It's interesting to find out that while information is unraveling and becoming public about a proposed electrical wholesale boost by the Bonneville Power Administration, the Bush administration is also looking at giving oil companies $7 billion worth of royalty free oil from public lands.
Both proposals are unlikely to happen given the unpopularity of each with congressional members from both parties.
The administration is looking at giving up royalties paid by the companies for drilling oil on public land. The incentive was originally created to help oil companies during times when the price per barrel was about $10. The net worth of the oil to be pumped off public lands is about $65 billion.
Meanwhile, the price per barrel is more than 5 times the $10 trigger of the past. And consumers are paying an average $2.26 per gallon at the pumps nationwide.
Kerr McGee is about to challenge a Department of Interior decision that dozens of companies received too much royalty relief in 2004. If it is successful, that challenge could cost the federal government another $28 billion in royalties over the next five years.
The New York Times is reporting that the sum total of these royalty giveaways is equal to proposed spending cuts in Medicaid, Medicare and child support enforcement programs.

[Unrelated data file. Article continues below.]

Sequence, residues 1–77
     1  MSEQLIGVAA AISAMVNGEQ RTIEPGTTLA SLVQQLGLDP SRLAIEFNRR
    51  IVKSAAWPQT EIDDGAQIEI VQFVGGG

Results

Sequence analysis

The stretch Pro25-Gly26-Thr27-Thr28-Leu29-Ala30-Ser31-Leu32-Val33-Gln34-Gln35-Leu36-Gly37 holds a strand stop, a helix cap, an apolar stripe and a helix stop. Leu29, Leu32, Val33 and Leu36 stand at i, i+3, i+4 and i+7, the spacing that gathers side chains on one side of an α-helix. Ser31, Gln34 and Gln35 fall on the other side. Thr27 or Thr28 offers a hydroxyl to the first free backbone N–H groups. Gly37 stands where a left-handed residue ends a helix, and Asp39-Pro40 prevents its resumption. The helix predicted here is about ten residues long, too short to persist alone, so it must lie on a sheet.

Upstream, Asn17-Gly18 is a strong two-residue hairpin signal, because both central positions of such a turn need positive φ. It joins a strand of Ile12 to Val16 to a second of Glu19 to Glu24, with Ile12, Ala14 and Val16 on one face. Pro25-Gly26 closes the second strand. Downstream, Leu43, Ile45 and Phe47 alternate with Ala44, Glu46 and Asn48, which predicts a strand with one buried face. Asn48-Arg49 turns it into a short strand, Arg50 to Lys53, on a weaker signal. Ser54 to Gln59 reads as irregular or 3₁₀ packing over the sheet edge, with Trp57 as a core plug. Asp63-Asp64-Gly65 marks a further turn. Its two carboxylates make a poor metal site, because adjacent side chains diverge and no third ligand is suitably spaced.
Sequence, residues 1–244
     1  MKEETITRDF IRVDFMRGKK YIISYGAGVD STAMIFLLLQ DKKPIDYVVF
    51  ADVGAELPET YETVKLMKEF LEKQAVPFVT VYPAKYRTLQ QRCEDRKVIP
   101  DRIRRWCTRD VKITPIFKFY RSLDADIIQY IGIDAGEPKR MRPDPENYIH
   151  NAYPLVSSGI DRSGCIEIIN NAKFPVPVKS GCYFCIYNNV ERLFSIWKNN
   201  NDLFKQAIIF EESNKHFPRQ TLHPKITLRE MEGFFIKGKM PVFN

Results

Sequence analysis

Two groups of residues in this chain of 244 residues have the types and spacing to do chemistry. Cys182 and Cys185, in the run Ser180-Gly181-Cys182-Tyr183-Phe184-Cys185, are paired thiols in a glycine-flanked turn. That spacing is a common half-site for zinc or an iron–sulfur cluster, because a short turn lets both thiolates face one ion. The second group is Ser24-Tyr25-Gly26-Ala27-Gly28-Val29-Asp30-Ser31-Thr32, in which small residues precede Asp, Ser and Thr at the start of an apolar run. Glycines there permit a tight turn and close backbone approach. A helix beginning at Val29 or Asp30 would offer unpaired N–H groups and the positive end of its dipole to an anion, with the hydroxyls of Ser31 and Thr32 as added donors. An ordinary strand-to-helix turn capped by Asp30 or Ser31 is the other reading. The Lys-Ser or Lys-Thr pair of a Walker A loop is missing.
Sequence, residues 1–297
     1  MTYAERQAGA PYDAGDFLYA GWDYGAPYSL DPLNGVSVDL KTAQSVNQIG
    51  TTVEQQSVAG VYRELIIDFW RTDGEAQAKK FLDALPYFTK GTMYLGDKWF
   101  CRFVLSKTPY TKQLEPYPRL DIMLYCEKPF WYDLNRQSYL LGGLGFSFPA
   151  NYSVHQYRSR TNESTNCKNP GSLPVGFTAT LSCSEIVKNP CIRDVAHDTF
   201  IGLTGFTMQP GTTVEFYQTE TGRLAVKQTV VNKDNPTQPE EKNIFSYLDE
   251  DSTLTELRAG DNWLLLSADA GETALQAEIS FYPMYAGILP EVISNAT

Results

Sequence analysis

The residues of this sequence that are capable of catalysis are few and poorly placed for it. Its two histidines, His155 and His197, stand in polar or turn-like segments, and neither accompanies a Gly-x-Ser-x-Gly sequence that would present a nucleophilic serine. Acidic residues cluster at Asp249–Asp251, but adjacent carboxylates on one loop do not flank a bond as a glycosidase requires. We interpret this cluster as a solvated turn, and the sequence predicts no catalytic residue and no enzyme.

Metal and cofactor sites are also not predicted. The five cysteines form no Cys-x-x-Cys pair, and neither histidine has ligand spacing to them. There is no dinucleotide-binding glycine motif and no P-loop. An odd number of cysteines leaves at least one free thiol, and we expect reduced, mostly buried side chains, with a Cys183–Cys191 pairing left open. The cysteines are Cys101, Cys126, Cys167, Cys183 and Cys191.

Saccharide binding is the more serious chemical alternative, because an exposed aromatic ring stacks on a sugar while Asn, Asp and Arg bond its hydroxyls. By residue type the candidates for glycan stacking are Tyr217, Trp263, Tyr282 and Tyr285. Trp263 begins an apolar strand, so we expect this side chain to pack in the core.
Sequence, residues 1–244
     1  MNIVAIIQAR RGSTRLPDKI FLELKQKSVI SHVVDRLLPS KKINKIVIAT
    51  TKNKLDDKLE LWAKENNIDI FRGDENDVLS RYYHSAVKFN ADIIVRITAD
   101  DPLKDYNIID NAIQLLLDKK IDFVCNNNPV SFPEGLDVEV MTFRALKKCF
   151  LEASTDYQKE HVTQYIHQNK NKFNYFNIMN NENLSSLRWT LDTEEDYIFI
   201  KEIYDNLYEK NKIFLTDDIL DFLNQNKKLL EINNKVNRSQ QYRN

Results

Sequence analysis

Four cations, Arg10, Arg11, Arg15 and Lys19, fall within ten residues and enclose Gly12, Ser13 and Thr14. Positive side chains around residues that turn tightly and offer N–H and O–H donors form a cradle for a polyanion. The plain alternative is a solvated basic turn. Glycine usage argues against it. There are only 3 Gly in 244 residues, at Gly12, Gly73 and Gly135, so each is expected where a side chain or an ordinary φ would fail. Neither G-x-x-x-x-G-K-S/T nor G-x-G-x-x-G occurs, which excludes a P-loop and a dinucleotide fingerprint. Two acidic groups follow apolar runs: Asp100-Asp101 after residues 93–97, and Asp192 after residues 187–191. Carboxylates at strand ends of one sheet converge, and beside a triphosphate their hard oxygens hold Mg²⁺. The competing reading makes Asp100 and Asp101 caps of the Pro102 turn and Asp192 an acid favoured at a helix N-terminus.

Meanwhile the administration is giving the BPA the go-ahead to raise wholesale rates for 2008-2009 by 10 percent. Flathead Electric has estimated that to be a 6 percent increase for its electrical consumers. One electrical retailer in the northwest estimates the cost of the next 10 years to be $1 billion for consumers.
Normally, if the BPA has revenue excesses beyond what they need to pay off their Treasury debt, those excess monies have been used to offset consumer costs for power. The administration wants the BPA to accelerate it's debt reduction efforts.
What's interesting about all this is the administration is looking for ways to cut spending and reduce the rapidly growing federal debt. Giving away royalties to corporations making record profits while American consumers are financially wincing from pump prices doesn't seem to be a good budget strategy, just a giveaway. And asking the BPA to raise rates at the expense of the ratepayers and the Pacific Northwest economy doesn't seem like good public policy either.
What they do appear to be is bad politics during a mid-term election year. That's maybe why the administration has little support for either proposal among Republic or Democratic congressmen.
Whatever it is, things could get quite expense of us consumers. — Roger Morris